Moholy Nagy Foundation
The Moholy-Nagy Foundation is a private family foundation organized in 2003 in response to the continuing interest in the life and works of László Moholy-Nagy, a Hungarian painter and photographer as well as a professor in the Bauhaus school.
Their new visual identity, following the mindset and methods the artist used in his own work, was designed by Pentagram.
Moholy-Nagy was known for his experimental photographs with light, known as photograms, and these directly informed the design team’s craft-based approach. A set of typographic forms were created by hand in the studio using a series of projections using light and water, and these intriguing letterforms form the basis of the fluid identity.
— Pentagram project page
From the Van Gogh museum identity to the latest one of Munch museum, making a visual identity of a well-known visual artist is a difficult task. Why? Because when you think of that artist, everyone relates him/her with his/her own work, that is, there is already strong “visual” impressions. From Van Gogh people might come up with sun flowers, and from Munch, The Scream might be the only image people knows about him. So what about Moholy Nagi?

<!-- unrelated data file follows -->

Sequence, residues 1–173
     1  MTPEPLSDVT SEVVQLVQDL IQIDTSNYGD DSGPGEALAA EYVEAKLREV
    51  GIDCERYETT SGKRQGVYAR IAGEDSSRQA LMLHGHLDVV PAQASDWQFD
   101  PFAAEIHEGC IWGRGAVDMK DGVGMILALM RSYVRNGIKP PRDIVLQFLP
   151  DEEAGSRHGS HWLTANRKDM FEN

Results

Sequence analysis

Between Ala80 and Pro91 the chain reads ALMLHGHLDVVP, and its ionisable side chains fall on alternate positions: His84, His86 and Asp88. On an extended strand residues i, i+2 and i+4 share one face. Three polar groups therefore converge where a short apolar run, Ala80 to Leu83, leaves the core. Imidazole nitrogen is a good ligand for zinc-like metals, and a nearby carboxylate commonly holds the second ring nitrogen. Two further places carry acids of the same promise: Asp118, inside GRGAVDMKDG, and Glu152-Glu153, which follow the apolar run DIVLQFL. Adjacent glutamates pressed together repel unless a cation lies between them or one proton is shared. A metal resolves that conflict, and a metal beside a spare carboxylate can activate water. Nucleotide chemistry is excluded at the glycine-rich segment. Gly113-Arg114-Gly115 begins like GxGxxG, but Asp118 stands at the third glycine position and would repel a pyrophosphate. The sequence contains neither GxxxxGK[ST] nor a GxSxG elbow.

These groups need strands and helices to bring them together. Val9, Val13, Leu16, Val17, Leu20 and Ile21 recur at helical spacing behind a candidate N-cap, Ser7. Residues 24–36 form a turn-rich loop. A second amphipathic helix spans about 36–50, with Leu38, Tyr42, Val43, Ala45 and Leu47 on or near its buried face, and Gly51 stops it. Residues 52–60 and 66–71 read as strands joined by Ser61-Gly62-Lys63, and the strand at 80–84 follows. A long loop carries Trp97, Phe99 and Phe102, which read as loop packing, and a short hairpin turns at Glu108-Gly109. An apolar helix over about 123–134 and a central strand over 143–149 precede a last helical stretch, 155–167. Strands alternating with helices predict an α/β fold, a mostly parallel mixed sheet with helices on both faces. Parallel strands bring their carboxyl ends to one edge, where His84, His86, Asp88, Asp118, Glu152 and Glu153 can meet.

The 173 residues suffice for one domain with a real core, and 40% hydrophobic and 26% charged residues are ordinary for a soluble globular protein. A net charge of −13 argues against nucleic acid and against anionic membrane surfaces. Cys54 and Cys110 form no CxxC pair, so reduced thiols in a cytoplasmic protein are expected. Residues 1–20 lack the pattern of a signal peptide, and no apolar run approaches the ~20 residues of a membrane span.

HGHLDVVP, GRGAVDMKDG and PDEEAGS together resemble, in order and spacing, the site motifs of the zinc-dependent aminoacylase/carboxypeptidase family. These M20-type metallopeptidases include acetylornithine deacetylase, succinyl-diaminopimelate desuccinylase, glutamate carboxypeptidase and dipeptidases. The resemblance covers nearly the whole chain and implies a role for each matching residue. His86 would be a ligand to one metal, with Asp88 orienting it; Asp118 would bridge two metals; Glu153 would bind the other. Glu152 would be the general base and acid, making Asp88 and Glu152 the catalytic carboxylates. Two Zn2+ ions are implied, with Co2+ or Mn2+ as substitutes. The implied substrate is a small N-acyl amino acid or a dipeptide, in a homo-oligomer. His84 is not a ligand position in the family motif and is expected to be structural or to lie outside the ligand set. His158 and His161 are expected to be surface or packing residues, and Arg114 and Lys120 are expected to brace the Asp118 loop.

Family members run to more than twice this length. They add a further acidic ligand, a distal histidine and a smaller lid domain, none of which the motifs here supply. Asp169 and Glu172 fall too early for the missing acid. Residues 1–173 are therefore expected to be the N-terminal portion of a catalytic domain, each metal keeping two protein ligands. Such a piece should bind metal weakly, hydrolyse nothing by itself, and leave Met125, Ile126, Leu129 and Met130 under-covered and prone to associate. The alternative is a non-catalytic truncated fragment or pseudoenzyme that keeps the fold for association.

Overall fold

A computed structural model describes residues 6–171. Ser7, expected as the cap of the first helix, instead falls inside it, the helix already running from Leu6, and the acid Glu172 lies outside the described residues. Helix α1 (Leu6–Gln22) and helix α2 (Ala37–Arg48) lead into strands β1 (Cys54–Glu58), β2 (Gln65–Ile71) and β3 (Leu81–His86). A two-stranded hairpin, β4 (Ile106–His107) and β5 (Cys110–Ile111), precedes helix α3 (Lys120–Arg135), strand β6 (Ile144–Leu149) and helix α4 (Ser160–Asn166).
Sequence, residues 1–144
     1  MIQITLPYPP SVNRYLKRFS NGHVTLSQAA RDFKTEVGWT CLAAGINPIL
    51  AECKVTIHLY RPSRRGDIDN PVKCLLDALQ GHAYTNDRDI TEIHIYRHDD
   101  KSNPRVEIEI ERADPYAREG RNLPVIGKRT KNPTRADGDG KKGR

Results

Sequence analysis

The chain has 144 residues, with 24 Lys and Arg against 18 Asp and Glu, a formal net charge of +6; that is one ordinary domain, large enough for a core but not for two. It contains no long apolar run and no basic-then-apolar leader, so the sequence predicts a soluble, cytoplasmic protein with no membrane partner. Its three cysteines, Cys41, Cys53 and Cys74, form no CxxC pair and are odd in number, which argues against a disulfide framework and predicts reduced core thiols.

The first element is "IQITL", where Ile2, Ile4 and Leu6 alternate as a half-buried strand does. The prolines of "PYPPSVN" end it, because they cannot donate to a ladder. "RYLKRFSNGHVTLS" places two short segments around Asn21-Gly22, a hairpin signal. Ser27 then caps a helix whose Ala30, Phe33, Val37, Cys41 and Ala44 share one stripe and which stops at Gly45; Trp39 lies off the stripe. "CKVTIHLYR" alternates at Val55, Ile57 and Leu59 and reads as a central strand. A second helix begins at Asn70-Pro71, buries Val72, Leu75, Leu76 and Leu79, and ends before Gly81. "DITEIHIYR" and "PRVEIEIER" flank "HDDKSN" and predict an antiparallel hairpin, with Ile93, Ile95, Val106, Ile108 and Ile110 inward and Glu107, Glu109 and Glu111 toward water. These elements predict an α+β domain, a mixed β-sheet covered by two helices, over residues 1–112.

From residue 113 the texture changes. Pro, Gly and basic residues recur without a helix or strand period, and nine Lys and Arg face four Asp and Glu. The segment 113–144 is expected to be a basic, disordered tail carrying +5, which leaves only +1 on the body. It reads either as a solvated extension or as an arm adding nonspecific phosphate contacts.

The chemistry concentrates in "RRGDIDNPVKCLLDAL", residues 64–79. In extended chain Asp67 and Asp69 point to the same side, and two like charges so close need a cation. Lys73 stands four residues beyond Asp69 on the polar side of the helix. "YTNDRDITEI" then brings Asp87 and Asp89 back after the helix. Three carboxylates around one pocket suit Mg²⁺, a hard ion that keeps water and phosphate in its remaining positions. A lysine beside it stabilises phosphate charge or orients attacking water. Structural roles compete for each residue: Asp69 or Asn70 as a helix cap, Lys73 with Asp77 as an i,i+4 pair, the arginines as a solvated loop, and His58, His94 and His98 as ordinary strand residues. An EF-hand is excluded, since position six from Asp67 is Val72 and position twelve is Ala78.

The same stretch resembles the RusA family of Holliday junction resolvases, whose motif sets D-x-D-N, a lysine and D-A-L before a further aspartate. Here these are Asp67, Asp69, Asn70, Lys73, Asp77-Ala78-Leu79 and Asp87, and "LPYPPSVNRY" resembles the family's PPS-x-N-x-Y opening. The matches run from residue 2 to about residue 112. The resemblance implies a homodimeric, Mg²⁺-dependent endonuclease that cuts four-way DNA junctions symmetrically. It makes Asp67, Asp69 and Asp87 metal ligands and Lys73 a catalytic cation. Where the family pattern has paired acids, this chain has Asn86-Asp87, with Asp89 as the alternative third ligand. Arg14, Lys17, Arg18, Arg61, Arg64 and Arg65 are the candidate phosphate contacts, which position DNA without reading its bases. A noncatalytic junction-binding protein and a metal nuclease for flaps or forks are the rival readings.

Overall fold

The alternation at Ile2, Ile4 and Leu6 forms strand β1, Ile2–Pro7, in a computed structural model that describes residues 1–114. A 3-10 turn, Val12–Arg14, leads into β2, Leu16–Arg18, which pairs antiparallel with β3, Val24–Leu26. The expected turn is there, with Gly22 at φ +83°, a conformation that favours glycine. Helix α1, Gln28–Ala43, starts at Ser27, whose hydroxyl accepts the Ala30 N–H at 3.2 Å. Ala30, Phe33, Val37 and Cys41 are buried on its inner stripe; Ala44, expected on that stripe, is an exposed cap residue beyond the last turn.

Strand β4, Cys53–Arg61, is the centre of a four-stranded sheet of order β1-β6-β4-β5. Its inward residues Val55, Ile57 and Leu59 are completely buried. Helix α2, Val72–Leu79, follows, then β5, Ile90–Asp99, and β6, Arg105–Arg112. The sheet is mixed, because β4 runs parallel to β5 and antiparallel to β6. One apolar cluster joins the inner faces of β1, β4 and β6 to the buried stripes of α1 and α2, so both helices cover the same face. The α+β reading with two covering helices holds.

I suppose what a difficult thing about making an identity of Moholy Nagi was he made artworks as a painter and as a photographer. Like the previous logo (above) indicates, he was highly influenced by constructivism and, actually, most of his artworks as a painter are like that. However, what made him unique is his works as a photographer: Photogram — ghostly traces of objects placed on photographic paper during exposure. He coined the term.
The identity was crafted following the process like the artist used in his photogram works. When thinking about versatility, it might be less flexible but the neo-grotesque typeface, inspired by mid-century fonts, and the mono tone color complement and bring consistency. Overall, this craft-based approach is fresh and thought-provoking in the golden age of “modern” identities — minimal icon with geometric sans-serif.
More on Pentagram project page